Thanks to the Placemaking grant from the City of Port Adelaide Enfield, Steve can now apply his time and resources to focus on extending and completing his historic research. He will follow existing leads and dive into library, museum and online resources to explore each anchor’s history. He will then work with editor and designer Dan Monceaux to create an informative, colourful and engaging fold-out brochure and trail guide (in a single document). The brochure will include a map and will link the anchors to their maritime past through a series of interpretive walking and cycling trails. The brochure will be designed to appeal across generations, comparable in size and colour to the Wonderwalls A3 public mural map currently available at the Port Adelaide Visitors Centre). It will encourage older residents to explore a walking or driving trail with their grandchildren, while the more athletic may follow a trail by bicycle, and the less mobile, by car or scooter. All trail explorers will complete their excursions with a stronger sense of connection to the Port’s rich maritime history. The brochure could also include other key maritime icons of the Port, including the clipper ship and lighthouse.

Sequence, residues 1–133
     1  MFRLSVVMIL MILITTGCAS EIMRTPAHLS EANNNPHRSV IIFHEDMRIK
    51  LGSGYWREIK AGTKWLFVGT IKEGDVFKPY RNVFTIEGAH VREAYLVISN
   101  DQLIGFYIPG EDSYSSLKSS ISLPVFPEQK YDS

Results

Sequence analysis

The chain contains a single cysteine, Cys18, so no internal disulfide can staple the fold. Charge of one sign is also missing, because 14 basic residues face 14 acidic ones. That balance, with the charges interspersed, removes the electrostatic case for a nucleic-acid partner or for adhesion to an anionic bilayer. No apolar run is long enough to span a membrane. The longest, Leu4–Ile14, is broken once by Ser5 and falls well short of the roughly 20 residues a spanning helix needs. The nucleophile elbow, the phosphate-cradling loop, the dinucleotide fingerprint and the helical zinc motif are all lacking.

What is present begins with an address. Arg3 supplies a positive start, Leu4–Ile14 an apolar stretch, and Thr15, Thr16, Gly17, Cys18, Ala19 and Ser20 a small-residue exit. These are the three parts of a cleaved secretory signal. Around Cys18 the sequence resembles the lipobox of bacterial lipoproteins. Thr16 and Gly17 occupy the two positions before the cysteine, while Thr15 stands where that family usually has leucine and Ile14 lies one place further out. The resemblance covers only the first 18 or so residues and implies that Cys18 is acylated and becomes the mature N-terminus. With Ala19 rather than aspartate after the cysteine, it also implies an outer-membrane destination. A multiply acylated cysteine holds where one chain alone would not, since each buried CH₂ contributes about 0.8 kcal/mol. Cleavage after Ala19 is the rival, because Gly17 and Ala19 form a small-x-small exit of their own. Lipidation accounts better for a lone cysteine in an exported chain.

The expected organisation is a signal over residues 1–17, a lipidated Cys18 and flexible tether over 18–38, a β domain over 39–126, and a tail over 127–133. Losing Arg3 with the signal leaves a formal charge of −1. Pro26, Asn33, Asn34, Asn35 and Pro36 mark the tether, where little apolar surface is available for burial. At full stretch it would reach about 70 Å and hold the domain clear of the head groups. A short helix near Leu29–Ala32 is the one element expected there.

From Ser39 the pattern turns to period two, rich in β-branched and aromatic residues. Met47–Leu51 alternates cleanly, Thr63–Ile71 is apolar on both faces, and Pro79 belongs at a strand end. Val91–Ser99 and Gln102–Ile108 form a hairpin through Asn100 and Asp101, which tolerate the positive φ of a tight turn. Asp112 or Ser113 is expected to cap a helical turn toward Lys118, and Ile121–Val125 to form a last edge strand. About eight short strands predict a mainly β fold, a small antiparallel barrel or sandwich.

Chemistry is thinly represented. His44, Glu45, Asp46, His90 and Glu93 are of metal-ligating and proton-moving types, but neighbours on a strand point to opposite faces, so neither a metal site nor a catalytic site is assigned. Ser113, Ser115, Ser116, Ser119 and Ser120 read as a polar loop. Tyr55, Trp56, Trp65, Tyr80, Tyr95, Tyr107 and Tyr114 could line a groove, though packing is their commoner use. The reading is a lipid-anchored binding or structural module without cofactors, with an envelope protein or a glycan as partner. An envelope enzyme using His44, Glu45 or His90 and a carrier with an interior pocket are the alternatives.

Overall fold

Steve’s research work is well underway, with anchors already located, photographed and simply documented. He has recorded all the immediately available information at anchor sites, and where none was available, he has made inquiries of the anchors’ owners or neighbours. If you are reading this, and know anything about the history of an anchor that sits in public view in the greater Port Adelaide area, please contact us, or leave a comment below.

An avid reader of maritime history, Steve has already buried himself in research, reaching as far as the craft of anchor design and production. Dan Monceaux, who has worked previously as a professional writer of documentary films and an educational computer game and as state editor of a music culture website (, is well qualified to help him condense his findings into succinct and informative capsules of historic interest, ready for placement on the map/trail guide. Since the news of project funding, the pair has revisited the priority anchor sites, with Steve taking additional notes and measurements, while Dan had taken more photographs to assist with the planning process.